Medina said Texas should nullify federal laws that affect the state’s agriculture industry, education system, energy sector and health care industry. Medina praised the State of Montana for recently defying federal laws regarding personal identification cards and the manufacture of firearms and ammunition.

After Medina’s talk, an audience member asked her whether she, as governor, would allow “sanctuary cities” to ignore federal immigration law.

“I don’t think I want to see a statewide policy that tells cities what they can and can’t do,” Medina said. “I think that’s horrible policy. But if we believe in local government, then if your local city decides, through the guys you elected, that that’s what you want to do, then I think it’s probably your right to do that. It’s bad policy, and I bet if citizens got more involved, they’d stop that kind of thing. I’d champion stopping that kind of thing as governor, but I don’t think I’d support the government mandating that on the cities.”

Medina said border sheriffs such as Terrell County’s Clint McDonald and Hudspeth County’s Arvin West have warned of increasing problems associated with a porous southern border, including vandalism of private property, burglaries and illegal drug trafficking. Medina said people, and not natural resources, make a country wealthy.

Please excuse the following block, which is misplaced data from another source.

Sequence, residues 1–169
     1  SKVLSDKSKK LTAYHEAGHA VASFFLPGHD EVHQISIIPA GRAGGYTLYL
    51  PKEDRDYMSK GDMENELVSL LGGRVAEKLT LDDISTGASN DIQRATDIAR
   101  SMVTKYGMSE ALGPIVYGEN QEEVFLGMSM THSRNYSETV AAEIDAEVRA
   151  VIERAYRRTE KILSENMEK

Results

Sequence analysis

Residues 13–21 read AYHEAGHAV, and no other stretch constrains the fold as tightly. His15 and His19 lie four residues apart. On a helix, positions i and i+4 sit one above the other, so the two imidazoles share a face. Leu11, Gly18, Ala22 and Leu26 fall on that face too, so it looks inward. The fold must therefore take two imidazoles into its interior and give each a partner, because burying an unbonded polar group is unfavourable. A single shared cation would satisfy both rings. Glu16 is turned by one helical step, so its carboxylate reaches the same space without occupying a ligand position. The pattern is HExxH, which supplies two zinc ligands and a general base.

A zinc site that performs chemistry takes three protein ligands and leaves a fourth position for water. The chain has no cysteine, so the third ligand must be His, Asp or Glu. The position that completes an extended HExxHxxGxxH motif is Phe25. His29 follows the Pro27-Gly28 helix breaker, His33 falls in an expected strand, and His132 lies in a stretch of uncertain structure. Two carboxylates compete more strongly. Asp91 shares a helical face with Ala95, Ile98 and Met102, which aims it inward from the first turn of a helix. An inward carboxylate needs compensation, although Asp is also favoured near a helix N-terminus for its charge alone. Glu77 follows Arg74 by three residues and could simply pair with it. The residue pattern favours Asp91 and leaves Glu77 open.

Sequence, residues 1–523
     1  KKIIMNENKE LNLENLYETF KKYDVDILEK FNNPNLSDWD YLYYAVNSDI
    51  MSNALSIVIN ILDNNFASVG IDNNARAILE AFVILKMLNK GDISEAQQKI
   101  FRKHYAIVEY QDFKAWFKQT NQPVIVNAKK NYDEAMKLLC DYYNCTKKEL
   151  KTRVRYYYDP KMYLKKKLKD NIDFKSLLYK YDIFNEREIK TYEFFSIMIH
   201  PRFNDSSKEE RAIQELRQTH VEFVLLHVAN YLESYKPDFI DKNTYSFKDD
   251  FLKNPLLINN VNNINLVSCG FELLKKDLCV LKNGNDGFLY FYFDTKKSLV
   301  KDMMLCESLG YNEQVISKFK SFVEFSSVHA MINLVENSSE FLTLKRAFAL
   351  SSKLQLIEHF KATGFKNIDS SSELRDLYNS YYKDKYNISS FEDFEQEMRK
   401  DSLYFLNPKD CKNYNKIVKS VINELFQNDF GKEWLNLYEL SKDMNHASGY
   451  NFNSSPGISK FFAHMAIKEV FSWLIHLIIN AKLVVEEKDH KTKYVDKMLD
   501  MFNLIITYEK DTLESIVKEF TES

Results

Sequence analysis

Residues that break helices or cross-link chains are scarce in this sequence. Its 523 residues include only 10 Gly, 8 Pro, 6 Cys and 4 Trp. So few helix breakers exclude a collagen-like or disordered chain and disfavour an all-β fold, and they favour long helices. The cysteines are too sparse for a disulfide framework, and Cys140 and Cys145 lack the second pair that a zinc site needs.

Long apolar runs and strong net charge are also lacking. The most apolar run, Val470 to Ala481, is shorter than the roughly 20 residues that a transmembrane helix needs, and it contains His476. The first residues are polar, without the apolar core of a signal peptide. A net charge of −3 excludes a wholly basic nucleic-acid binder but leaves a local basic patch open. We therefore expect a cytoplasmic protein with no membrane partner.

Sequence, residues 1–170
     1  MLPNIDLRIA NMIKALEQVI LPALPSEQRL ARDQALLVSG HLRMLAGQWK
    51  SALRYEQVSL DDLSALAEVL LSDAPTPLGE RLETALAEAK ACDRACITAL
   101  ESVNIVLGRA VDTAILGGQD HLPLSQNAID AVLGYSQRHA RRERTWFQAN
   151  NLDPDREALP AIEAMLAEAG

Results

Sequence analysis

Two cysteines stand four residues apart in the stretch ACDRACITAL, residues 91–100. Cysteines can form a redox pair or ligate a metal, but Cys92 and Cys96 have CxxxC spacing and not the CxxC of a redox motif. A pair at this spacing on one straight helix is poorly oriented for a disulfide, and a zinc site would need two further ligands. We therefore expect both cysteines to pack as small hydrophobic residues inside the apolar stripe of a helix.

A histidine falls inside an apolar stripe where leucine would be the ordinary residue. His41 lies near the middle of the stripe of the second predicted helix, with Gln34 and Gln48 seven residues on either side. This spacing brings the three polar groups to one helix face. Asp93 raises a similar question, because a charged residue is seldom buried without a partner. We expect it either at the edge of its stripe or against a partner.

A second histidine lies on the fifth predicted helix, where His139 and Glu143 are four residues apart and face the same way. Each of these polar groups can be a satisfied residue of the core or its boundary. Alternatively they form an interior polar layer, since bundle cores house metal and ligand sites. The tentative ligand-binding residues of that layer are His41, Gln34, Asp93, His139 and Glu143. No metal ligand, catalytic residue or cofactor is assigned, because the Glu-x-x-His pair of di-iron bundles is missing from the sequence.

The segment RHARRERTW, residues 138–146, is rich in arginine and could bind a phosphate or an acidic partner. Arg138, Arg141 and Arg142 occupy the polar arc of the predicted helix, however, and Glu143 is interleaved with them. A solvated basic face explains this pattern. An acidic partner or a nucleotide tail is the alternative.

“See, the wealth of a nation is in her people, and immigration has made — a legal immigration and assimilation process has made this country the great country that it is today,” Medina said. “We must promote a legal immigration process. We cannot allow an invasion. We have to secure that border, we have to insure that all traffic across that border comes through the legal port of entry. We don’t fix that problem by grandstanding during political campaigns. We don’t address that problem by directing a few Texas Rangers to the border when it’s time for a governor’s race.”

The crowd applauded for Medina when she said she supports the elimination of property taxes, the nullification of federal agriculture and education laws, and when she suggested that the majority of sales tax be left in San Marcos rather than most going to Austin.

“What you see in societies where the government tried to do everything and tried to be all things to all people, the people became enslaved, and less free, and less prosperous than in those societies where government was limited and people were free to own private property and own guns to protect themselves,” Medina said. “(They recognized) that the government can neither provide for you, nor can it secure you. People are secure in their own defense, and that’s what we need to move back to in Texas.”